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World War One and the North Sea


World War One and the North Sea

Traces of World War One (1914-1918) still persist in the North Sea today, in the form of military and civilian wrecks as well as underwater ordnance such as naval mines. The key feature of the war at sea were the battles between the British and German navies.

The superiority of Britain’s Royal Navy over the Imperial German Navy was evident even before war broke out. The primary German objective, therefore, was to even out the imbalance in the fleets’ relative strengths, chiefly via the use of mines and submarines. It was hoped that this would lure the Royal Navy, which was maintaining a distant blockade in the North Sea, into direct military engagement in North Sea waters.

This took place only on a few occasions, however. Larger battles were, for example, the Battle of Heligoland Bight on 28 August 1914, the Battle of Dogger Bank on 24 January 1915 and the Battle of Jutland, which took place between 31 May and 1 June 1916. In total, 16 German and 14 British warships of various types went down in these three confrontations, along with the vessels’ remaining munitions. In addition, ships and crews were also lost in other smaller battles.

For the North Sea Wrecks project, the wreck sites of SMS Mainz, SMS Ariadne and SM V187 (all sunk in the Battle of Heligoland) and that of SMS Elbing (sunk in the Battle of Jutland) were chosen for investigation (get to know more in Station 9 - Research Cruises).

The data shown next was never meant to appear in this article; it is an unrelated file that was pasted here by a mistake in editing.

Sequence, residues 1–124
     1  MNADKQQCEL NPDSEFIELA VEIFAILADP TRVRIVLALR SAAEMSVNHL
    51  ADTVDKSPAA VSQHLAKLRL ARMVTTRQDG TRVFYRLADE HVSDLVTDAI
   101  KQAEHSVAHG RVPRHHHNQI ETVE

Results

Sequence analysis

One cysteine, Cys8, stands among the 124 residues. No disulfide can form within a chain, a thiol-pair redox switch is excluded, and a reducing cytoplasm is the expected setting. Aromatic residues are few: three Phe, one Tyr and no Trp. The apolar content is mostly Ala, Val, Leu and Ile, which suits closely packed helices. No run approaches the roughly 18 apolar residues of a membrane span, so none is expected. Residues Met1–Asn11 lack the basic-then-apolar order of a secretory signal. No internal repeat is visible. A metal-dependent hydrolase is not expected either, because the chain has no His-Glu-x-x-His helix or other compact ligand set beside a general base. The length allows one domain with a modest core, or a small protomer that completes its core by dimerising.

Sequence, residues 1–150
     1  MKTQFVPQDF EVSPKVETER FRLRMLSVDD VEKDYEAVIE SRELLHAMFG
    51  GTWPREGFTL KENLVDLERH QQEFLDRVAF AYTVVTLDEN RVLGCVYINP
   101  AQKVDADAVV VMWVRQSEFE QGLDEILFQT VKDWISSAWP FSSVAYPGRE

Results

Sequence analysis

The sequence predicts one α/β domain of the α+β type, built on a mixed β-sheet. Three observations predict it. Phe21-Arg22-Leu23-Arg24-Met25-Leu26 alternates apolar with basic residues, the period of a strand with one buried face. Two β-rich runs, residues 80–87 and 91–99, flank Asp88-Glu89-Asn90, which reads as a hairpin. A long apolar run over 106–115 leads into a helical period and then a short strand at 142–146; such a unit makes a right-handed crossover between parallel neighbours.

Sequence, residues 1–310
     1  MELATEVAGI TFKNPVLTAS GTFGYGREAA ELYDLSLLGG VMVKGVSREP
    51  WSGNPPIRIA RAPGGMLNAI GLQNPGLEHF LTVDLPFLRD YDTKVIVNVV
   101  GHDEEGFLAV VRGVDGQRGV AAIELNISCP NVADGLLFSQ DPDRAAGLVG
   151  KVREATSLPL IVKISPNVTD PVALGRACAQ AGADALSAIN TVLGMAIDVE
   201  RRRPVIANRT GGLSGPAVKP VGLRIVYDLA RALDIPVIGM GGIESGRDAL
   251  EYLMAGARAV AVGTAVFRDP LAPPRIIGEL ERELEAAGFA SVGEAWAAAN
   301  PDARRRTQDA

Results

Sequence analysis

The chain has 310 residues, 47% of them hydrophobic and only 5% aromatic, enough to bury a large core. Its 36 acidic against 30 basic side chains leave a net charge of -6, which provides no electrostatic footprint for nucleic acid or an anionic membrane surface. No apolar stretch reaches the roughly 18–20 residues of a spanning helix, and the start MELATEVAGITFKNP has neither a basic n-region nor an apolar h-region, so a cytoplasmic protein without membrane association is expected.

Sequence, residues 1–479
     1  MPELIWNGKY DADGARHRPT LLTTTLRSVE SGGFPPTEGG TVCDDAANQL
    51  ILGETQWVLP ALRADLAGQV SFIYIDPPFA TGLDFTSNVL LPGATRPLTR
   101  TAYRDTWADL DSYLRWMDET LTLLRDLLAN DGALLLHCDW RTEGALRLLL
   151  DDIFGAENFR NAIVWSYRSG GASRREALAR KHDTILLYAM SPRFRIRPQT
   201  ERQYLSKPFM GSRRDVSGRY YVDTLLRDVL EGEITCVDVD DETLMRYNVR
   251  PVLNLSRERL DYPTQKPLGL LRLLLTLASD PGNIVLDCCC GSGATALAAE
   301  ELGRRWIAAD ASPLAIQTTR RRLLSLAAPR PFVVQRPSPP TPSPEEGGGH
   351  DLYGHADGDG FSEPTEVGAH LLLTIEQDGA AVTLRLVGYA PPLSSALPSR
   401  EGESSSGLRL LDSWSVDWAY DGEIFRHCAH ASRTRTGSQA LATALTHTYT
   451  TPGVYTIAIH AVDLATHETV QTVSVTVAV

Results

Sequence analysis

The huge quantity of mines laid in the North Sea led to many ships and lives being lost. It is estimated that, between 1914 and 1918, the warring parties dropped more than 190,000 mines in North Sea waters.

The submarines SM UB 61 and SM UC 30 both went down after striking mines and their wrecks, too, were selected for investigation as part of the project (get to know more in Station 9 - Research Cruises).

Germany’s intensification of the submarine war, which saw merchant shipsbeing sunk without warning, led to further vessels being lost. In many cases, their wrecks, too, remain on the seabed.

In terms of military strategy, the Imperial German Navy played a fairly insignificant role in the course of World War One, but a much bigger one in its ending. The unwillingness of many sailors to sacrifice themselves in a pointless naval slaughter led, on 29 October 1918, to insubordination and mutiny on several German ships.

The mutiny’s leaders were arrested and incarcerated in Kiel on 1 November 1918. In the following days, there were widespread uprisings and strikes among sailors, soldiers and the general population. The Kiel Mutiny marked the beginning of the November Revolution, which culminated in the abdication of the German emperor on 9 November 1918 and led to the signing on 11 November 1918 of the ceasefire that brought World War One to an end.

On 19 November 1918, 74 warships of the German Imperial Navy were taken to the Firth of Forth in Scotland and subsequently detained in Scapa Flow in the Orkney Islands. There, the remaining German crews opened their vessels’ seacocks on 21 June 1919, sinking 61 of the grounded ships.


Further literature and online links

Goldrick, James. 2015. Before Jutland. The Naval War in Northern European Waters, August 1914 – February 1915. Annapolis: Naval Institute Press.

Jakobsen, Knud. 2018. Die Seeschlacht vor dem Skagerrak und der Erste Weltkrieg in der Nordsee. Ringköbing: Sea War Museum Jutland.

Krause, Andreas. 1999. Scapa Flow. Die Selbstversenkung der wilhelminischen Flotte. Berlin: Ullstein.

McCartney, Innes. 2016. Jutland 1916. The archaeology of a Naval Battlefield. London: Conway.

Marine-Archiv, ed. 1920-1965 [several volumes]. Der Krieg zur See 1914-1918. Teil 1: Der Krieg in der Nordsee, Vol. 1-7. Berlin/Bonn/Hamburg: E.S. Mittler.

Rahn, Werner. 2017. „Die deutsche Seestrategie 1914 – 1918.“ In: Der Erste Weltkrieg zur See, edited by Michael Epkenhans and Stephan Huck, 19-40. Göttingen: De Gruyter

Danish Sea War Museum:






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